5 Sustainable Building Practices for New Homes
Sustainability is an important concept for home buyers to understand, since the sustainability of the homes they buy and build can affect the price and the way they live. These five sustainable building practices for new homes are increasing in popularity around the country.
1. Metal Roofing
Years ago, many people believed that metal roofing was intended only for industrial building purposes. Currently, builders and home buyers alike realize that metal roofing presents an attractive option that is highly sustainable. A metal roof may be one of the more expensive roofing materials and is moderately resource-intensive to produce, but it is built to last decades. Home buyers may even be able to purchase metal for a roof from another metal roof, making it at least partially recyclable. When compared to asphalt roofing, which wears down quickly, metal is an easy choice for green homes.
2. Cement Reduction
Anyone who wants to decrease their carbon footprint should know that cement is one of the worst in this category. Many homes contain a considerable amount of cement in the walls, flooring, and other parts of the structure. Cement production burns a great deal of energy in manufacture and transport. Recycling concrete, which is made largely from cement, from nearby construction demolition allows builders to reduce their carbon footprint without having to compromise on quality. Others look to natural alternatives, such as a composite material called “natural plaster,” to replace a portion of the cement in structures while cutting carbon emissions.
3. Insulating Against Heat Loss
A significant minority of the average home's energy consumption focuses on heating. When the home is built, builders can emphasize features that defend against heat loss. Effective insulation within the walls is key, but insulation from loss of heat through the ground is also important. Lately, innovative builders are adding a layer of rigid foam insulation under a concrete foundation, with a goal of improving the insulation of the home. This approach also presents a number of benefits in temperature and humidity control for the building, which can aid overall comfort as well as efficiency.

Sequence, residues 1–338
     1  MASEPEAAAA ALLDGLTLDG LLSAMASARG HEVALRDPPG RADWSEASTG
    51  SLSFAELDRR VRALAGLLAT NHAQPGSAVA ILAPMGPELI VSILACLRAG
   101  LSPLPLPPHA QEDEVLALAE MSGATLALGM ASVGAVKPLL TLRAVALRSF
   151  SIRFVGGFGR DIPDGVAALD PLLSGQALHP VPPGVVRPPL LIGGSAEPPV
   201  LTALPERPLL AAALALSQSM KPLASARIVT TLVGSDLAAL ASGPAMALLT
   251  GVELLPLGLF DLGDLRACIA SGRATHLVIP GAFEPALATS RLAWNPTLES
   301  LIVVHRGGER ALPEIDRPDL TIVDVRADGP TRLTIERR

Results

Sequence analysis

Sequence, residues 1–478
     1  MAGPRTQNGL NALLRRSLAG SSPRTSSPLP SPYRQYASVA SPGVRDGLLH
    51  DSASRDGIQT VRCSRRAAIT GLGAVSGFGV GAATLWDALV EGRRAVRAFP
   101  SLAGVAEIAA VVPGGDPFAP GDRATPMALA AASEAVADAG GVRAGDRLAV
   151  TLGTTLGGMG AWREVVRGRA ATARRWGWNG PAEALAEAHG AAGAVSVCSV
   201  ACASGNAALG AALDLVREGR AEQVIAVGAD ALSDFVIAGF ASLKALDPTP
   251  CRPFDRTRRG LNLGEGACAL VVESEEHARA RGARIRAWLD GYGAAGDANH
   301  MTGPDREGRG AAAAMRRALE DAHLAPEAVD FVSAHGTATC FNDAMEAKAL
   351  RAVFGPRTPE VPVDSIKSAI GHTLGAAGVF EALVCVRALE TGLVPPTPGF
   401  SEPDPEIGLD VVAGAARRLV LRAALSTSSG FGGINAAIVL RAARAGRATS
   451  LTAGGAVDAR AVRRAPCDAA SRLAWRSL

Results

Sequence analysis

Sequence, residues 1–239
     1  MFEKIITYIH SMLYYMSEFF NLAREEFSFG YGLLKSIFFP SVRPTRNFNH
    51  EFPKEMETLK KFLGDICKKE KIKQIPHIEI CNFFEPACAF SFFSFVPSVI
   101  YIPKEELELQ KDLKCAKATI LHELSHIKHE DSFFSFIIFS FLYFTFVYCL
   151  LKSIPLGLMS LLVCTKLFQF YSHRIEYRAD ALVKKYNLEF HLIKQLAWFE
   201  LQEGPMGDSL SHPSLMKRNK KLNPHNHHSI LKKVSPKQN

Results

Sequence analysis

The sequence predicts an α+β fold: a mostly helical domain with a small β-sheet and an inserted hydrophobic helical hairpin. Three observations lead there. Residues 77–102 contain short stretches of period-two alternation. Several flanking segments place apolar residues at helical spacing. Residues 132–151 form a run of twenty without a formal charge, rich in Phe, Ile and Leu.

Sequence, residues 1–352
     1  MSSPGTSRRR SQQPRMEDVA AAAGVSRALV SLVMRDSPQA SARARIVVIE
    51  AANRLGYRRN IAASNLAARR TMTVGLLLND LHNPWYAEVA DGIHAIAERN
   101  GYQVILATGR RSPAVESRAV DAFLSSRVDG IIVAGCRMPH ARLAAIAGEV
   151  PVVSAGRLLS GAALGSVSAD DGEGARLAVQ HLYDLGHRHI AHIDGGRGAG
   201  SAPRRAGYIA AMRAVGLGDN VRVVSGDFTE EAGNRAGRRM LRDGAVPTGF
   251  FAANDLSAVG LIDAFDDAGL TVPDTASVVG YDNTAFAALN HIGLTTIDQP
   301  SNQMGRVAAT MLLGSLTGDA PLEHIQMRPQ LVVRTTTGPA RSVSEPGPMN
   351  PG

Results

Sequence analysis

4. Geothermal Heating and Cooling
Since energy consumption is so heavily centered on manipulating the inside temperature, accessibility to unique energy sources helps to minimize the pressure on the municipal energy supply. For properties that have the space, geothermal heating and cooling is a practical, long-term solution to lowering energy consumption. Geothermal systems are mostly underground, relying on the relatively stable ground temperatures to operate a heat pump. Once installed, the equipment may be able to last as long as 50 years. In some cases, the heat pump can be connected to a water heater, providing useful water and air heating for your Fort Hunt home.
5. Water Conservation
Although many people think primarily of energy in terms of lowering consumption, water is also a precious resource that can be harnessed more effectively. Virtually any homeowner can install rain barrels to collect rainwater for use on the property. Innovative home buyers request greywater systems, which take used water from the home and send it directly to irrigation, landscaping, and other non-culinary uses. This kind of technology makes water conservation much easier than holding a bucket under a tap while the water warms up.
Conserving resources and making a better world is a laudable goal of anyone who wishes to be eco-friendly. With these sustainable building practices, home buyers can reduce their energy consumption, minimize carbon emissions, and still enjoy a beautiful home.